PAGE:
Under Soubry’s leadership, New Flyer is the largest transit-bus and motor-coach manufacturer in North America.

He is also Chair of Front and Centre, the $500-million campaign for the University of Manitoba.


Clayton H. Riddell, OC [BSc(Hons)/59 DSc/04] is one of four inductees into the 2017 Canadian Business Hall of Fame. A prominent entrepreneur and exploration geologist, he founded energy company Paramount Resources and is the namesake of the Clayton H. Riddell Faculty of Environment, Earth, and Resources at the U of M.


Long-time civil servant Jim Eldridge [BA/64] received the top national prize for public administration. Governor General David Johnston awarded Eldridge with the Vanier Medal at Rideau Hall in January. Eldridge worked for the Manitoba government for nearly five decades, serving as a key advisor to most of the province’s premiers.


Blundell, Jason [BA/01] published the crime novel Fool Whisky Hero with New Pulp Press. The plot has a 16-year-old girl trying to solve her father’s murder. In doing so, she befriends an alcoholic who helps her run from corrupt cops, drug dealers and a ruthless killer.

Daniels, Jerry [BA/08] was elected Grand Chief of the Southern Chiefs Organization (SCO) in Manitoba. A member of the Long Plain First Nation, Daniels will serve a three-year term for the SCO, one of the province’s largest Indigenous political organizations representing 32 First Nations.

Dyck, Ian [MA/70] wrote The Life and Work of W. B. Nickerson (1865-1926). This story spans the transition of North American archaeology from museums and historical societies to universities, throwing light on a phase of history that is little known. Nickerson created an elegant and detailed record of discoveries, and developed methods that later archaeologists recognized as being far ahead of his time.

Jones, Glen [BA/83, BEd/85] was appointed dean of the Ontario Institute for Studies in Education of the University of Toronto for
 a five-year term. He holds the Ontario Research Chair in Postsecondary Education Policy and Measurement, with research focusing on university governance and academic careers in higher education.

Lazer, William [BCom/49, LLD/87] was one of 33 honorees worldwide recently designated a Fellow by the American Marketing Association for “significant contributions to the research, theory, and practice of marketing”. Lazer was a professor of marketing at the U of M from 1951 to 1955 and awarded an honorary Doctor of Law degree in 1987.

Lowes, Robert [BRS/89] was named assistant director of player personnel with NHL team The Las Vegas Golden Knights.

MacLatchy, Deborah [PhD/91] was appointed president and vice-chancellor at Wilfred Laurier University. She is a former dean of science and has served as Laurier’s provost and vice-president academic since 2009.

Matrick, Lawrence E. [MD/57] published Road to Recovery Following your Motor Vehicle Accident, a guide to navigating the stress 
of the medical-legal process post-accident.

McGregor, Mark [BPE/83, CertEd/84] embarked on a new career as a leadership trainer after playing professional hockey in Europe. He published his first book, Being on a Mission, based on his experience and the principles he teaches.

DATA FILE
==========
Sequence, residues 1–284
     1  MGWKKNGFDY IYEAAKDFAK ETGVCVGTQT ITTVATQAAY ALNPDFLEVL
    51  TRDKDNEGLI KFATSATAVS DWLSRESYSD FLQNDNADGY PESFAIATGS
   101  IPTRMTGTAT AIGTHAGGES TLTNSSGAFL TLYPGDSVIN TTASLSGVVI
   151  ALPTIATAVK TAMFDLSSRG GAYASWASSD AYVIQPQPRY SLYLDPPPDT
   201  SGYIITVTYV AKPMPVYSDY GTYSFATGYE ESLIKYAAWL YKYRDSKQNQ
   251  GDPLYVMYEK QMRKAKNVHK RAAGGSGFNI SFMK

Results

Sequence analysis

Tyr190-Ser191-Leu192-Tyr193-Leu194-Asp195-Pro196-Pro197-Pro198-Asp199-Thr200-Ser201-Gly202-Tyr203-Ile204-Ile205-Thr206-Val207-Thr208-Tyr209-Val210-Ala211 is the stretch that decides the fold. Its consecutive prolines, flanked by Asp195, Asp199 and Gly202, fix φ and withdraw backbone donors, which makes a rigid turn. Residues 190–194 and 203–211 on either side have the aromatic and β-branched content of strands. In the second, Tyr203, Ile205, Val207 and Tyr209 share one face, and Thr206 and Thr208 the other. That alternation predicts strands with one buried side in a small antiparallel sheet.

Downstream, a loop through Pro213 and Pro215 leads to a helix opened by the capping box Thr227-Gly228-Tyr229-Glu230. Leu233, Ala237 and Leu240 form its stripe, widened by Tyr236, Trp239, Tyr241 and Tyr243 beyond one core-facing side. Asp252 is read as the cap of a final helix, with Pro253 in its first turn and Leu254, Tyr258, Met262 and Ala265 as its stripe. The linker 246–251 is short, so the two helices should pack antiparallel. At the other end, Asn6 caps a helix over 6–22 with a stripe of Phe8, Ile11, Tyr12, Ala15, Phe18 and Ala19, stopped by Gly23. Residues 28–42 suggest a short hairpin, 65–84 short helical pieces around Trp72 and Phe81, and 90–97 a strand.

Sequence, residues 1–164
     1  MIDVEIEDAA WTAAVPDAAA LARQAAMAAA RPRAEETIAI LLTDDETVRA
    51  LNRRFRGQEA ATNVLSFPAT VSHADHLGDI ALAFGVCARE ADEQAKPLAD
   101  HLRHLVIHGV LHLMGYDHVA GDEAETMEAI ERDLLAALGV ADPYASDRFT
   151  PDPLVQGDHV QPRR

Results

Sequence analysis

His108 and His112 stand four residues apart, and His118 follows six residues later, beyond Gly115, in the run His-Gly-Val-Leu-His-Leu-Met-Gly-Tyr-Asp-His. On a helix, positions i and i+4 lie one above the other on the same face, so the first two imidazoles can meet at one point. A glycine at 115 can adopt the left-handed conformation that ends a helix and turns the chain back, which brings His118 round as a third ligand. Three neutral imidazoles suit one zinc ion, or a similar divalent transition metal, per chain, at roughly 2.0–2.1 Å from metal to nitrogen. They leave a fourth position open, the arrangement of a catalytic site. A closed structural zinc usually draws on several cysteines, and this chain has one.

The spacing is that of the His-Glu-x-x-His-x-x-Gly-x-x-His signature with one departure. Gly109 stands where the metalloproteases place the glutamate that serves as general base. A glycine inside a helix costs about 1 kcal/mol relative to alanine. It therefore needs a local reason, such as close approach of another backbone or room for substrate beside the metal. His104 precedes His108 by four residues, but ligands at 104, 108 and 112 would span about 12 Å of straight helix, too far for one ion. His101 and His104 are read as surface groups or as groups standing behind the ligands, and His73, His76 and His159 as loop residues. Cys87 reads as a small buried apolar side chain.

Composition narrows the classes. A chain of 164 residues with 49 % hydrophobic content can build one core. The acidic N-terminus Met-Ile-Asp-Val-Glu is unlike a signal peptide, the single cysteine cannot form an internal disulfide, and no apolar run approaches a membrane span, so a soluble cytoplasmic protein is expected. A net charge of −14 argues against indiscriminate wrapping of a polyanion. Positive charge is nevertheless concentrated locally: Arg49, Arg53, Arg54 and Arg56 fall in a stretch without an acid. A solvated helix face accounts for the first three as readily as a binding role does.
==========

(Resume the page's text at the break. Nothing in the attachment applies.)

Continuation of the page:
McKenzie, Kael [BA/03, LLB/06] received the Manitoba Bar Association’s 2016 Equality Award. McKenzie is Canada’s first openly transgender judge.

Moore, Frank [BArch/54] of Moore Architecture Consulting Group Ltd. in Prince Albert, Sask., celebrated his 60th year in practise. Moore’s career boasts more than 700 files opened in six decades, and projects built across the country, from Moose Jaw 
to Hudson Bay.

Peterkin, Allan [BA/79, MD/85, BSc(Med)/85] published three medical textbooks in 2016. Staying Human During Residency Training is a resource for medical students, interns, residents and fellows. Portfolio To Go: 1000 Writing Prompts and Provocations For Clinical Learners gives tips 
for writing effectively. Keeping Reflection Fresh: A Practical Guide For Clinical Educators offers insight, guidance and strategies designed to inspire new concepts, connections and conversations.

Simons, Dr. Estelle [BSc/65, MD/69] was inducted into the Canadian Medical Hall
 of Fame. The professor emerita founded the Section of Allergy and Clinical Immunology at the U of M in 1975. With her colleagues, she is developing a non-invasive way to deliver epinephrine during an anaphylactic episode—a rapidly dissolving drug tablet placed under the tongue.

Traves, Tom CM [BA(Hons)/70] was named interim acting president of Brock University 
in October. He is the former president of Dalhousie University.

Walters, Evelyn [BA/61, AMM/61, CertEd/62] recently published The Beaver Hall Group and Its Legacy, her follow-up to The Women of Beaver Hall: Canadian Modernist Painters. The Montreal Museum of Fine Arts is now curating a travelling exhibition on the Beaver Hall Group.

Wartman, Michael [BEnvD/02] has won two top awards through the 2016 City of Edmonton Infill Design Competition: Best in Class for the Single Detached home category, and Best Overall in the entire competition. His firm, MIZA Architects, entered with a design titled SlimCity, a 17-foot-wide “skinny” house designed with environmental features, ample long-term flexibility for a variety of users, and the capacity to quadruple the number of people living on the site.